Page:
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Recipe Collection

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Hilba (Fenugreek Relish)

<em>Hilba</em> (Fenugreek Relish) Related:   condiments & sauces, gluten-free, Israel & Middle East, pareve, vegan, vegetarian

Prep time: 15 min. + 1½ hours soaking

Cook time: None

Yield: About 1 cup

Hilba (or hilbeh) is the Yemeni Arabic word for fenugreek as well as for the traditional spicy relish Yemenite Jews make from fenugreek seeds to add to soup and some dairy dishes or use as a dip with pita or lahouh, a spongy, fermented Yemenite pancake. Yemenite soup with hilba is comforting and delicious, as well as medicinal. Conventional Yemenite wisdom that hilba is healthy and can decrease blood sugar in diabetics has been verified by research. In Israel and elsewhere, research shows that hilba lowers blood sugar and cholesterol, reduces risk of heart disease and more.

A word of warning: Hilba is an acquired taste. It is prepared in a variety of ways, depending on the Yemenite community. Some cook it with tomato and leeks. The one I share here is the version my late mother made, which wasn’t cooked. Mostly umami, this relish is also a touch bitter. Some avoid eating it, believing its pungent odor is secreted in the body’s sweat. This does not deter me. On the contrary, I welcome any opportunity to have it as part of my meal, especially with soup.

Note: Fenugreek is like a legume and may not be considered kosher for Passover by some. If you do not consume kitniyot on Passover, spice your soup up with s’houg (also spelled zhoug) instead.


  • 2 tablespoons ground fenugreek seeds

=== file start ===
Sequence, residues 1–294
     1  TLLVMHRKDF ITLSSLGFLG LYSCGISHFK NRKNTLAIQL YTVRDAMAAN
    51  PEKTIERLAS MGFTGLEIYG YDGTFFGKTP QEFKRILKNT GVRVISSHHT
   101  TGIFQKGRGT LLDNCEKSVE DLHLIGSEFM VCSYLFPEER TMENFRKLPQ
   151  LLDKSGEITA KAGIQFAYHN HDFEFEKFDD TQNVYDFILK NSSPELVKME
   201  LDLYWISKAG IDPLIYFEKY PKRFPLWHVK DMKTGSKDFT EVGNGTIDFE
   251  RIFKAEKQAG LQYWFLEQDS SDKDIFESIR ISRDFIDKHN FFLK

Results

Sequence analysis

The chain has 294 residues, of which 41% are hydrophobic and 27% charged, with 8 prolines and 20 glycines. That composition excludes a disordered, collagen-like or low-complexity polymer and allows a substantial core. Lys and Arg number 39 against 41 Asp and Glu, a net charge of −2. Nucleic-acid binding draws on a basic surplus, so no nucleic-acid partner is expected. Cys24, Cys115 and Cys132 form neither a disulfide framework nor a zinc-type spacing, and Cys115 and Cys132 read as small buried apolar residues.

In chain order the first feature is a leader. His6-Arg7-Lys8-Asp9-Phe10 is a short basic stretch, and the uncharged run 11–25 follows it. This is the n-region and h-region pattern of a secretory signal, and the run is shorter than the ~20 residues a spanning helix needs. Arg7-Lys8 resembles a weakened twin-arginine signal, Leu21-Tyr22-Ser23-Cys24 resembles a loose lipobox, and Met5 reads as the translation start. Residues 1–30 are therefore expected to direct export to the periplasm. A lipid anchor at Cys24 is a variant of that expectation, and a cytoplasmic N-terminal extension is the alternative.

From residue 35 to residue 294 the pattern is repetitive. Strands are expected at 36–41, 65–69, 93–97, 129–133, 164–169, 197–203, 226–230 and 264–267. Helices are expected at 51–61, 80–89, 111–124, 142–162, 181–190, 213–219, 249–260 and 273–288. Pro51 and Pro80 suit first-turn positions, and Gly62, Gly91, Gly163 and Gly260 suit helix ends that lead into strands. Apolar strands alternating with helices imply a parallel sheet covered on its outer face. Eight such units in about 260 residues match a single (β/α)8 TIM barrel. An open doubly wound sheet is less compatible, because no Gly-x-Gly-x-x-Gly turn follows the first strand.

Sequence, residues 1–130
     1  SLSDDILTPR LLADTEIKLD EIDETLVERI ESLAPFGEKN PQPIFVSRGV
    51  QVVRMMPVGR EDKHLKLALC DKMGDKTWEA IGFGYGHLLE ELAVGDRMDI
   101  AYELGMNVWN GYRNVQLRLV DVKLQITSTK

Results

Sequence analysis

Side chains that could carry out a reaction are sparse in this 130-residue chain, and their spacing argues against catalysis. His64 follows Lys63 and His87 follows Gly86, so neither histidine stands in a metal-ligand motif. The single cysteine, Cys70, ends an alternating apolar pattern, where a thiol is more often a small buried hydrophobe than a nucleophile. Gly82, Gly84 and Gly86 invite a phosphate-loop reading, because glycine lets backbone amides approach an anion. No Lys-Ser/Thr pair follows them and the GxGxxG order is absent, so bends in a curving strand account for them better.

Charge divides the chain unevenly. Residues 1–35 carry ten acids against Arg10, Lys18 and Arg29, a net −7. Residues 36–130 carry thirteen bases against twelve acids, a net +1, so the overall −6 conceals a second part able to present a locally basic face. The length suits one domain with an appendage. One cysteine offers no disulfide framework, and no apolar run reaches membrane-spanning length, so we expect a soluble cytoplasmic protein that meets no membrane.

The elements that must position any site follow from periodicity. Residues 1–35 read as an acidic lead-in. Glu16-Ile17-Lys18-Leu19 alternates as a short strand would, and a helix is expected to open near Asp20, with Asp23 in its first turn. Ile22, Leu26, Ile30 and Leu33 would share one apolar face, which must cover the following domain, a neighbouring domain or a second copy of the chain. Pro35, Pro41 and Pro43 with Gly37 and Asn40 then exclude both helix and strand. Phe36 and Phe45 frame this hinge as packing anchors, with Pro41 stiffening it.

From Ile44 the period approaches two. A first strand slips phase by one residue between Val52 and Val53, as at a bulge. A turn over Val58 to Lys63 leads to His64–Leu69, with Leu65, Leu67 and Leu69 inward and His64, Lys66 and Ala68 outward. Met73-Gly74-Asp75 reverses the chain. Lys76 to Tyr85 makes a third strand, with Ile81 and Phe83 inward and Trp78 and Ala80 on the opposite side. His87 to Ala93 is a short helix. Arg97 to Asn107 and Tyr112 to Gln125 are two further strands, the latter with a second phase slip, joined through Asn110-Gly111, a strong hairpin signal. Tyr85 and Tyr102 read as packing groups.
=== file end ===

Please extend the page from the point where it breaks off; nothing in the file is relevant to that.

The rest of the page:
• 1¾ cups water, divided
  • Juice of 1 lemon
  • ¾ teaspoon sea salt
  • 1 tablespoon s’houg, or to taste (available in the freezer section at kosher markets and Trader Joe’s)


  • Place fenugreek in a bowl, add 1½ cups water, cover and let sit for about an hour and a half, until most of the water is absorbed and the fenugreek has more than doubled in volume. You may place in the refrigerator overnight. Tip bowl slightly to carefully discard any remaining water without disturbing the fenugreek. Add lemon juice and whip for about 10 minutes (using a whisk, hand mixer or blender) until frothy and light. Add water as you go by the tablespoon, up to ¼ cup. The consistency should be gelatinous and jiggly, not runny. Add s’houg and salt and mix to combine. Taste and adjust seasoning to your liking.

2 Responses

  1. WAnita Crothers says:

    I tasted this dish many many years ago in Dublin at the I have hoped to see the recipe so thank you!
    but what is s’houg, I live in France in small village if I can’t find, what could I use instead?

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